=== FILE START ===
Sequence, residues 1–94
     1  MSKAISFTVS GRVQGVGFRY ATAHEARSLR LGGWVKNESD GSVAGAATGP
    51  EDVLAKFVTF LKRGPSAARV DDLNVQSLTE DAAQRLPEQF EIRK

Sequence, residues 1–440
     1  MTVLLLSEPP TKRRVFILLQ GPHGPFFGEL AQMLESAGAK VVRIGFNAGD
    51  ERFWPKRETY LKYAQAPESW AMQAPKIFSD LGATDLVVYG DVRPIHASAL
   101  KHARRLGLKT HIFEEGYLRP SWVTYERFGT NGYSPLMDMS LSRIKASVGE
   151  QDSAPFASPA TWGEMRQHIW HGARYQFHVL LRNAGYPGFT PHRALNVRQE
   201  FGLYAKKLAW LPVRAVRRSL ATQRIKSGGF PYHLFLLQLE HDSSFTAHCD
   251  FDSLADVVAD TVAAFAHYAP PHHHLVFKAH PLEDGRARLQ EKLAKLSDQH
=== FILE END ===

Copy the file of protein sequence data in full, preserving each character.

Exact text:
Sequence, residues 1–94
     1  MSKAISFTVS GRVQGVGFRY ATAHEARSLR LGGWVKNESD GSVAGAATGP
    51  EDVLAKFVTF LKRGPSAARV DDLNVQSLTE DAAQRLPEQF EIRK

Sequence, residues 1–440
     1  MTVLLLSEPP TKRRVFILLQ GPHGPFFGEL AQMLESAGAK VVRIGFNAGD
    51  ERFWPKRETY LKYAQAPESW AMQAPKIFSD LGATDLVVYG DVRPIHASAL
   101  KHARRLGLKT HIFEEGYLRP SWVTYERFGT NGYSPLMDMS LSRIKASVGE
   151  QDSAPFASPA TWGEMRQHIW HGARYQFHVL LRNAGYPGFT PHRALNVRQE
   201  FGLYAKKLAW LPVRAVRRSL ATQRIKSGGF PYHLFLLQLE HDSSFTAHCD
   251  FDSLADVVAD TVAAFAHYAP PHHHLVFKAH PLEDGRARLQ EKLAKLSDQH